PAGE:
"For a variety of reasons, it may not be possible to create a vaccine that generates antibodies able to neutralize HIV," says Hildegund C.J. Ertl, M.D., professor and immunology program leader at Wistar and senior author on the report published in the July issue of the Journal of Virology. "The next best thing may be to develop a vaccine that stimulates the production of anti-HIV CD8+ T cells, which have been shown in other studies to reduce viral load, although they do not prevent infection. The new vaccine regimen we tested induced unprecedented levels of CD8+ T cells in monkeys."
The experimental vaccines developed by Ertl and her colleagues take advantage of sophisticated bioengineering technologies and the special characteristics of a class of viruses called adenoviruses to create a series of three vaccines that, when given in sequence, build on each other to generate a stronger immune response than might otherwise be possible.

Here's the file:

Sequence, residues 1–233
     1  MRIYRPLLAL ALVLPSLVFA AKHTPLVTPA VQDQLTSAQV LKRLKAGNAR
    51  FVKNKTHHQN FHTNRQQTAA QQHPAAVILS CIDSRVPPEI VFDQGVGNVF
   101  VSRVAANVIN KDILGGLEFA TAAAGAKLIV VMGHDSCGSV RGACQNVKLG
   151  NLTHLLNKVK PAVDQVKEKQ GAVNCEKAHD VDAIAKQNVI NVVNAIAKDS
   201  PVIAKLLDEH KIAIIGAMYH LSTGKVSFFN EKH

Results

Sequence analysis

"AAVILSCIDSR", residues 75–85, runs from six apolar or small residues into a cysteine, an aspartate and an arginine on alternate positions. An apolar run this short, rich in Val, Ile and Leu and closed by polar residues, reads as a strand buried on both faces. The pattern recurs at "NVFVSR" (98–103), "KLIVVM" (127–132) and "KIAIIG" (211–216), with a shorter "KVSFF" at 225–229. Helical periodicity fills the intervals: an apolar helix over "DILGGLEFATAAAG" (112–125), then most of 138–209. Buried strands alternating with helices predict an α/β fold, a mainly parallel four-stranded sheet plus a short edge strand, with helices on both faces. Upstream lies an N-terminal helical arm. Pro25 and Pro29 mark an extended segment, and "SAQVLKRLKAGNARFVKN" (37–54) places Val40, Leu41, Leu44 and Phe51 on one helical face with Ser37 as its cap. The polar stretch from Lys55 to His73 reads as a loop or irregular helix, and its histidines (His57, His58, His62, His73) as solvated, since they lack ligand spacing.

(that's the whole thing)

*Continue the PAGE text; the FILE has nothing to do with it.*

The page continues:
Many current vaccine development programs rely on human adenoviruses engineered to include elements from disease-causing agents, in part because adenoviruses are relatively easy to manipulate in the laboratory and readily enter a wide variety of cells, including important cells of the immune system, to stimulate a vigorous, long-lasting immune response.
A number of these vaccines based on common strains of human adenoviruses, including some against HIV, have returned positive results in ear
Contact: Franklin Hoke
The Wistar Institute